At the end of Aretha Franklin’s December 29, 2014, concert at the Kimmel Center in Philadelphia, we in the audience stood clapping, clapping, turned toward the left side of the stage where the Queen of Soul, swaddled in gold and white, had just disappeared. She’d thanked us, saying that gotten her start at a little club on Broad Street, and she’d tip-tipped offstage, grateful, it seemed to have finished, with gusto, a full concert at 72. Having heard and read reviews of her latest album Aretha Sings the Diva Classics, I had tamped down my expectations.  My friends, Becky and David, had gotten sick and generously offered up their seats, meaning that I had a chance to take our daughter, a budding pop-culture scholar and singer, to see the Queen of Soul.  Our seats were not together, and I sat next to a man who said that his kids had laughed at the for going to an old-people’s concert.  We argued in a friedly way, about whether Aretha could make it today.  He said that with videos, she’d have to look like Beyonce; I said that with her ambition and savvy, if she’d had to as a young woman, she could have and would have.  In fact, my daughter and I had been admiring her style, absolutely calibrated to her own time.  “She was gorgeous!” my daughter said. We’d watched YouTube interviews and clips, saying we had to get hype while I made dinner.  We vowed to scream “Nessun Dorma” if she came out for an encore.


But she did not come out for the encore.  She stayed backstage, and thanked us again with her richest, most soulful speaking voice. She spoke to us as if we were one mind/body, with whom she had exchanged ideas, energy, worship, loss, love. The band continued to play underneath us and under that voice we know as well as the voices of family. Now, she said, we’d have this evening to remember–we were all standing now, most looking toward the wing where she’d disappeared in the white gown that my daughter said she wears to confound phone cameras.  Now we’d have–and she broke into Streisand’s “Memories,” using the saw-edge of her late-concert voice and the hopeful lilt of gospel to make little holes in the sentiment. Each of us would indeed remember this night, as well as the spider capillaries of memories that connect this night’s voice to the times we’ve listened to her throughout our lives: at weddings, funerals, inaugurations, Grammys, making love in our our first raggedy apartments, saying good-bye at retirement dinners, praying alone in the car, driving home from hospitals.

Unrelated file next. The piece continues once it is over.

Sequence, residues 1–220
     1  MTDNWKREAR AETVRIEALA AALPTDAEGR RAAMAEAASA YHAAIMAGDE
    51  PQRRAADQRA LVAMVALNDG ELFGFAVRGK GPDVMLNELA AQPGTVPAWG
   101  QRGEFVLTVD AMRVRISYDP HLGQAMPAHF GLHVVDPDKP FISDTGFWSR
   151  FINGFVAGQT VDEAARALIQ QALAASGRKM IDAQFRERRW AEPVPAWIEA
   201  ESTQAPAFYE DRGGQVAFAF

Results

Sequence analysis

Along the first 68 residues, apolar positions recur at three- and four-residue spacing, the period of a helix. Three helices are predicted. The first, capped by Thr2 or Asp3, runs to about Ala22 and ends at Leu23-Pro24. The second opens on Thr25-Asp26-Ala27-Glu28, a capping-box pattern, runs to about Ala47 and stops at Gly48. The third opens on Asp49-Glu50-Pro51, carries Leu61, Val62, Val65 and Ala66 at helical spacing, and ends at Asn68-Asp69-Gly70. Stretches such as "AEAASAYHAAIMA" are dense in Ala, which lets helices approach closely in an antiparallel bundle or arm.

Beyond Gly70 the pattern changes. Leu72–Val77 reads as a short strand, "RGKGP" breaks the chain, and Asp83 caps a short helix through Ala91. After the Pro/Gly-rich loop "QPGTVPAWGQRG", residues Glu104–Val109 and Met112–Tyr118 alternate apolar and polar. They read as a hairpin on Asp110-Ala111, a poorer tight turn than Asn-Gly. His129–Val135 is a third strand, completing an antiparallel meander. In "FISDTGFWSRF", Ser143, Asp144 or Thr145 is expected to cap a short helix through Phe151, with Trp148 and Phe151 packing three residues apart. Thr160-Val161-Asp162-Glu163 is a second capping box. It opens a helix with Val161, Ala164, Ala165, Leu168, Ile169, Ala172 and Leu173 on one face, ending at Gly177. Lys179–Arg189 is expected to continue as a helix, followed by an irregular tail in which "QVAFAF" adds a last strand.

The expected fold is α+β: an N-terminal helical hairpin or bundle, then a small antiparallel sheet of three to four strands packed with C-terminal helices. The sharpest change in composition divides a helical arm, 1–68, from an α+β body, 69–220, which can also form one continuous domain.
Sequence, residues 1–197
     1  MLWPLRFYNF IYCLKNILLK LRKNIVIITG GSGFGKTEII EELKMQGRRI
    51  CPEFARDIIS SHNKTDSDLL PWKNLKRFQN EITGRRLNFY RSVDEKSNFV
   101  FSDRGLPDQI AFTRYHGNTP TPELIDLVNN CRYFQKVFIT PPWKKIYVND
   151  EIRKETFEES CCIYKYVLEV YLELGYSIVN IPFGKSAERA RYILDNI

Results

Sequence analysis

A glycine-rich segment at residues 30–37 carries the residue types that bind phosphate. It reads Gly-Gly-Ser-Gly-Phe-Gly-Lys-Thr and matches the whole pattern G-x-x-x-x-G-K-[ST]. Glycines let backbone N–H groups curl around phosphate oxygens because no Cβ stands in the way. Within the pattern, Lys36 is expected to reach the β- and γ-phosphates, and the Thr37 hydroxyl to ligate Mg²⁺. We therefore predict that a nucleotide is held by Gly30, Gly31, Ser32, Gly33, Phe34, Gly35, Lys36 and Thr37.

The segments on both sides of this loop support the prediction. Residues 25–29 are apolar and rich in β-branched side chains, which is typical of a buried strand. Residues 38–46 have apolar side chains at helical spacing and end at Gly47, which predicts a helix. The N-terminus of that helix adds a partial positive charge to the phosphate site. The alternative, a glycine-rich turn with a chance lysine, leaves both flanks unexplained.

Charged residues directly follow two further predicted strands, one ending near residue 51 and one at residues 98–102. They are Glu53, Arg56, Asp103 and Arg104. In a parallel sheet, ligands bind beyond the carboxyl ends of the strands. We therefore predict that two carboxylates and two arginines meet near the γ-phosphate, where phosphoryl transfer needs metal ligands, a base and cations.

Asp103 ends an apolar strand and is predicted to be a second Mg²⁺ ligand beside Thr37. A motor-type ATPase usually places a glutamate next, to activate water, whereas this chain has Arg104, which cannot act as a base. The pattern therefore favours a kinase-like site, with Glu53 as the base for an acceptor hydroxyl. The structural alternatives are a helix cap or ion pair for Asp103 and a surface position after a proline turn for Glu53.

And then, because she is not our lover or pastor or cultural consultant, but a savvy, thoroughgoing queen of soul and entertainment, she had the band strike up the “Anne Get Your Gun” staple “There’s No Business Like Show Business.”  She peeked out wearing a red Santa cap with the white ball hanging just to one side; she grinned mischief, and we, still stanind, still full of memories, began to clap again, listening for her voice to cut through the band, the great Chicago-and-Detroit back-up singers, the William Brothers gospel singers who had helped her testify about recovering from illness and now shared in the curtain call, the organ and piano, drums, guitars and big brass.  That voice carries honesty through the training, techniques, mannerisms and even artifice.  So much honesty about life and faith and unaccountable stupidity and sin and childlike hope pours out, so much that it splashes over the sides of most any damn song into soul worship.  And I got to take it in with my daughter, wearing her seamed stockings from last Christmas and her new lip piercing. Thanks to our friends. God save the queen.


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